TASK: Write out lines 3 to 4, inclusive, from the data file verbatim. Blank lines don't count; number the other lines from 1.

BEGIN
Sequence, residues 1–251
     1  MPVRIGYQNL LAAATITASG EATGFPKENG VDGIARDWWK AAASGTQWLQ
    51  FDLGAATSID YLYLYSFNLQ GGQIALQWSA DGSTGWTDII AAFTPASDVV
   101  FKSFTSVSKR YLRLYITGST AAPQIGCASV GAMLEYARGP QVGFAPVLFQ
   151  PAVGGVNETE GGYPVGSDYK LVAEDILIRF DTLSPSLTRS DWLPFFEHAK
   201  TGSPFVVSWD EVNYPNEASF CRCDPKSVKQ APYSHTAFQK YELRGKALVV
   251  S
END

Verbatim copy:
    51  FDLGAATSID YLYLYSFNLQ GGQIALQWSA DGSTGWTDII AAFTPASDVV
   101  FKSFTSVSKR YLRLYITGST AAPQIGCASV GAMLEYARGP QVGFAPVLFQ